The primary race for Ward 12’s seat, representing Slavic Village and parts of Tremont, Brooklyn Center and Old Brooklyn, pits Maurer against newcomer Tawayne McGee, last election’s challenger Shalira Taylor and incumbent Tony Brancatelli, who has served since his council appointment in 2005. Brancatelli hasn’t faced a primary challenge in the last four election cycles.
Brancatelli, citing the same number of mail ballot requests as Maurer, said voter turnout doesn’t look good. With the aftershocks of the 2008 foreclosure crisis reverberating through Ward 12, families have been forced out of neighborhoods like Slavic Village, decreasing the population of eligible voters. Besides, municipal elections rarely attract much attention anyway, he said.
But with programs aimed at engaging citizens in both the east and west sides of his ward, civic engagement has been on an upswing, Brancatelli said. He’s seen “a much higher level” of communication and engagement firsthand at the block club meetings and civic group events he frequents.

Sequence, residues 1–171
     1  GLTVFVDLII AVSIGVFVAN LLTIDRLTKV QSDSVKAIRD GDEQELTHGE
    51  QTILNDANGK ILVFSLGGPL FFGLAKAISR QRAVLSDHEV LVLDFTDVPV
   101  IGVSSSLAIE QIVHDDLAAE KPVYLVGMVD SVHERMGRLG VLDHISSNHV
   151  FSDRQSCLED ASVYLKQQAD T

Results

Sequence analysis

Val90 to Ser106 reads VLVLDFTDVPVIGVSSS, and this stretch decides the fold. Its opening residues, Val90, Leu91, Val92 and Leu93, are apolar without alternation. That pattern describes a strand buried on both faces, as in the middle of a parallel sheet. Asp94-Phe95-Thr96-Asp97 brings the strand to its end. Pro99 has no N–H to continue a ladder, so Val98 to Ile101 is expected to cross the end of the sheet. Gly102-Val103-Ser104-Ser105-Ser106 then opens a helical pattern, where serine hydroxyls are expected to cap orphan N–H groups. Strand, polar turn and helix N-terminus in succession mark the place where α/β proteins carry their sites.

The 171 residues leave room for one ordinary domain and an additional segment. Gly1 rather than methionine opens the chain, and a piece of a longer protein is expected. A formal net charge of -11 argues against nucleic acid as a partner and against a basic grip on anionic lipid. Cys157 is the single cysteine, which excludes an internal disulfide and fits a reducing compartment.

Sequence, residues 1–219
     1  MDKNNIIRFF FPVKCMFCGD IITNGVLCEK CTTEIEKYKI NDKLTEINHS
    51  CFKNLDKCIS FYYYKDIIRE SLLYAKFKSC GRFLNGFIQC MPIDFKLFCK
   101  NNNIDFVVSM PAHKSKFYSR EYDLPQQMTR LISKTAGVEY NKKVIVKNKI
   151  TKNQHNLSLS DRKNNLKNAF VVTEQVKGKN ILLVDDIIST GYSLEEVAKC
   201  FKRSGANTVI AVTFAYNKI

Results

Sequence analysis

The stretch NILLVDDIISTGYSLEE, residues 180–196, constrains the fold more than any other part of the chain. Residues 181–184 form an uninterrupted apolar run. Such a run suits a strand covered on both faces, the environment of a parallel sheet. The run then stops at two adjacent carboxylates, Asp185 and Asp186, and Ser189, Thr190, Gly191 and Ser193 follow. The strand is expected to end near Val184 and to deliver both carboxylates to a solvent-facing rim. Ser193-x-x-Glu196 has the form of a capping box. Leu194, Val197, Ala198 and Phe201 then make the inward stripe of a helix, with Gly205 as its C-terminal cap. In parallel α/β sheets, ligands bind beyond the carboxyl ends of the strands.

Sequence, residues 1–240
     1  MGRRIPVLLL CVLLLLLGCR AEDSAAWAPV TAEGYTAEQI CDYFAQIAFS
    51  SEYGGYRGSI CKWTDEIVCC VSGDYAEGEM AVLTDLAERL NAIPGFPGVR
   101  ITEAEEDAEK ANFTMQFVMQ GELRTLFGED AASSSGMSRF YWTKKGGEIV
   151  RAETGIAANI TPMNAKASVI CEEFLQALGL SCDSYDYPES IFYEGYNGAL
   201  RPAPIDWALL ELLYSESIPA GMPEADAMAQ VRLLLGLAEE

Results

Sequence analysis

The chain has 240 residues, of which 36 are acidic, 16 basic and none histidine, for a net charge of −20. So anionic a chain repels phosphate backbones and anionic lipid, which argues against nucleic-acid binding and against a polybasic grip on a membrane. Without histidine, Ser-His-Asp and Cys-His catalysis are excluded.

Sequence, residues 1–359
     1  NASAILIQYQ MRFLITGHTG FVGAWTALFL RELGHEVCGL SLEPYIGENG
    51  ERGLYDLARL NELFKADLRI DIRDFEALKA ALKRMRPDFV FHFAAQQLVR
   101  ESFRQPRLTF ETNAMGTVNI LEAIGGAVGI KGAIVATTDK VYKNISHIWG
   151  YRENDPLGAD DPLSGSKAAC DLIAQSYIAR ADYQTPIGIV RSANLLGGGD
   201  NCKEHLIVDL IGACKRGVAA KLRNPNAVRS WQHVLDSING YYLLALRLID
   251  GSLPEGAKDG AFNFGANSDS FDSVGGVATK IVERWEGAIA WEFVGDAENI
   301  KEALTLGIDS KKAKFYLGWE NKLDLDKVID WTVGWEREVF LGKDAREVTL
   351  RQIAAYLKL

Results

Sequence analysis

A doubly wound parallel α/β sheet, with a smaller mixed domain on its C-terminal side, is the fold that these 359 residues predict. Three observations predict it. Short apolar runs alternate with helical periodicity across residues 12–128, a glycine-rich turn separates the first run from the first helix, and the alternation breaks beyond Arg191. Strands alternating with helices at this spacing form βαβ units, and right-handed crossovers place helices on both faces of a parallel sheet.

“Residents are engaged with me on a pretty regular basis,” he said. “They have access to me. They have access to the government and on the local side. They’re there on a pretty regular basis, working with us.”
As far as why that civic engagement hasn’t translated to the voter turnout numbers Brancatelli would like to see, he said, “That’s probably a Kent State study or a CSU study to be had.”
But Maurer, riding the progressive wave sweeping through Cleveland, said any incumbent has their work cut out for them right now. She commended Brancatelli’s commitment attending meetings in Ward 12, but said that each candidate’s perception of civic engagement is likely skewed by the populations they most regularly interact with.